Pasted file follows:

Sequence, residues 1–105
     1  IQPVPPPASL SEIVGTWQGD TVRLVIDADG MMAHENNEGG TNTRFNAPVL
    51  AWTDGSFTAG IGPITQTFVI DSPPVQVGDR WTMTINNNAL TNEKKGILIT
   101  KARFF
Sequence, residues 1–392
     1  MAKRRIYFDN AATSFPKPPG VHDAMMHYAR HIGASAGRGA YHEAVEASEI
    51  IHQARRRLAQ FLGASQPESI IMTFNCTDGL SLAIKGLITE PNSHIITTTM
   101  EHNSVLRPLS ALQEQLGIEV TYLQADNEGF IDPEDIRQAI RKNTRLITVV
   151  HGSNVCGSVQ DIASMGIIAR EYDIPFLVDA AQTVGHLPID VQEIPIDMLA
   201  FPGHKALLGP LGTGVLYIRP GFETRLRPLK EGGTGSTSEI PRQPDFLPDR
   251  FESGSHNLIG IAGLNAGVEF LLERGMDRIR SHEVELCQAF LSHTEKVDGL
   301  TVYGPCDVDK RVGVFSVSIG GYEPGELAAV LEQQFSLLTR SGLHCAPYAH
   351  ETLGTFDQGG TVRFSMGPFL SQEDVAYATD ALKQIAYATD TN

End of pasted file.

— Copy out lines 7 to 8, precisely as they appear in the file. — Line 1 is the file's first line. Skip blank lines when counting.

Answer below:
    51  IHQARRRLAQ FLGASQPESI IMTFNCTDGL SLAIKGLITE PNSHIITTTM
   101  EHNSVLRPLS ALQEQLGIEV TYLQADNEGF IDPEDIRQAI RKNTRLITVV